- Retirement is more complicated than many people realize.
- There are several unexpected expenses people face in retirement that they hadn’t planned on, from surprising healthcare costs to "gray divorce."
- Here are seven surprising expenses people don’t always expect when they retire.
- Visit Business Insider’s homepage for more stories.
The basic formula for retirement is supposed to be relatively simple.
Contribute to your 401(k), save money each month, and once retired, you can rely on your investments, Social Security, and Medicare to cover your needs.
That’s easier said than done.
The reality is that retirement is more complicated. Retirees often face surprising expenses that they didn’t expect — or know they should have considered before retiring.
Running into any of these expenses can end up, at best, putting a dent in your retirement savings, and at worst, derailing your long-term retirement plans.
We asked financial advisors what retirees should know about some of the most common unexpected expenses they see from their clients.
Here are seven surprising expenses people don’t always expect when they retire, according to the experts.
Standard and unexpected healthcare costs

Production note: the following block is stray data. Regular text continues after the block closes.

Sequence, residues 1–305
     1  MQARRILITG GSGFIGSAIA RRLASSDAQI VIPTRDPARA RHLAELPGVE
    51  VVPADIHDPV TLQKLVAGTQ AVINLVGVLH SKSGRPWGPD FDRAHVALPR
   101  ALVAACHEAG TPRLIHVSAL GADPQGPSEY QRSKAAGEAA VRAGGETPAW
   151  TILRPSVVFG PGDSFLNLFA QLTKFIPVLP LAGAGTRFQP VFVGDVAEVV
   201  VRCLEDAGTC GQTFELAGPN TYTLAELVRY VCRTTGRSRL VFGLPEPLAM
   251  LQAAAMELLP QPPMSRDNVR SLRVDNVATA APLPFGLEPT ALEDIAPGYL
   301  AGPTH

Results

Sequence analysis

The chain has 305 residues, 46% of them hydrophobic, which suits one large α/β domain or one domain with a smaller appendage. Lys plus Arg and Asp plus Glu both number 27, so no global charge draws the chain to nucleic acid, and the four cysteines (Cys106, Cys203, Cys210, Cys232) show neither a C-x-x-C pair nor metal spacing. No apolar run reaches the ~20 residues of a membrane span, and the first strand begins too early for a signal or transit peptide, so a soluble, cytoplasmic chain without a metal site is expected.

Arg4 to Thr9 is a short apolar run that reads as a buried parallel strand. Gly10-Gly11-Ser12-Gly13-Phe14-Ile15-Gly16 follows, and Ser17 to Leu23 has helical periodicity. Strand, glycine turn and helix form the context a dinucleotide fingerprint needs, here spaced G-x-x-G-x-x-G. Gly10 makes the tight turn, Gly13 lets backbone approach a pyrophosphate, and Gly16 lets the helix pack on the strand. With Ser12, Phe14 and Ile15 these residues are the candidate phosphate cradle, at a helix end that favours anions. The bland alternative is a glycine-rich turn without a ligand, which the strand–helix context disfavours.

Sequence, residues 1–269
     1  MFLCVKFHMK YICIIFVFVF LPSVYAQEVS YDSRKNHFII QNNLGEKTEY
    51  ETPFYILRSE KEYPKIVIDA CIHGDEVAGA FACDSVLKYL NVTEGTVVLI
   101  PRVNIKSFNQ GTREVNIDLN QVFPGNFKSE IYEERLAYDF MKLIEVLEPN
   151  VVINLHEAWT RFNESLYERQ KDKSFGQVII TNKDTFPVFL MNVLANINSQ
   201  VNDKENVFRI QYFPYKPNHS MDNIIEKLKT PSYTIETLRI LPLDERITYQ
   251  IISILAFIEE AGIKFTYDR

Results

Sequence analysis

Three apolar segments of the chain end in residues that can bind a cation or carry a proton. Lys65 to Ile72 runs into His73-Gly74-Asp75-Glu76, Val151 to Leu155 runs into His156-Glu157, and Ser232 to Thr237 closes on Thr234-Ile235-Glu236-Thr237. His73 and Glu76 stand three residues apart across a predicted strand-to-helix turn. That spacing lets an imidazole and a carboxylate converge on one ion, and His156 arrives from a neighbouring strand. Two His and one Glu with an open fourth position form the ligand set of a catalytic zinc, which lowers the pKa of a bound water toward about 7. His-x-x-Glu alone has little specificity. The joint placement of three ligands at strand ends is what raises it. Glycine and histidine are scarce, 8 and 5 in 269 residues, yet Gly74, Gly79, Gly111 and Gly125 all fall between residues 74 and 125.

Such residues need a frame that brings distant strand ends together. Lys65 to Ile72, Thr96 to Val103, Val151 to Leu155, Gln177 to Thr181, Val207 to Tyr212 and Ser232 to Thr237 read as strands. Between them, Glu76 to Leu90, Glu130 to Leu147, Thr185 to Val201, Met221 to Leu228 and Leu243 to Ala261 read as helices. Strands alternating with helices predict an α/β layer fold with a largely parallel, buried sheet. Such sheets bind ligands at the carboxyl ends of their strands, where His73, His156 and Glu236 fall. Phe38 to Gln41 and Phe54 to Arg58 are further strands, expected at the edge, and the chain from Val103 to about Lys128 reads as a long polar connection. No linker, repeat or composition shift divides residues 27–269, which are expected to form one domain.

Lynne Sladky/AP Photo
According to estimates done by Fidelity, the average couple who retires at 65 in 2019 will need approximately $285,000, after taxes, to cover healthcare expenses.
Plus, there are overlooked healthcare costs, including vision and dental exams, that many retirees don’t consider.
This is one area where Danielle K. Roberts, cofounder of Boomer Benefits, sees her clients struggle.
"Many fail to plan for unexpected health conditions and often don’t think about the potential that they may not be as healthy down the road as they are today," she told Business Insider.
The cost of Medicare premiums
Susan Walsh/AP Photo
Roberts said she reminds clients that Medicare is not free.
"Because so many of them are unaware that there are both premiums and cost-sharing associated with Medicare, they fail to save enough for it," she said.
Only parts of Medicare are free, and most Medicare recipients pay a monthly premium that can increase for those with high incomes. Prescription drug coverage, known as Medicare Part D, also has a monthly premium depending on which plan you choose.
These costs can add up for people on fixed incomes who aren’t planning on it.
Additional health insurance beyond Medicare
AP Images for National Council on Aging and Sanofi Pasteur
Another unexpected expense? Supplemental insurance.
That’s because Medicare doesn’t cover all of your healthcare needs.
"Since Medicare only covers 80%, many Americans are surprised how much healthcare costs still are when they have to cough up funds to pay for the remaining 20% of costs for their medical care," Roberts said.
For many, the 20% comes in the form of supplemental insurance, often called Medigap plans. These plans help take care of the costs not covered by Medicare, including copays and some additional doctors’ fees.
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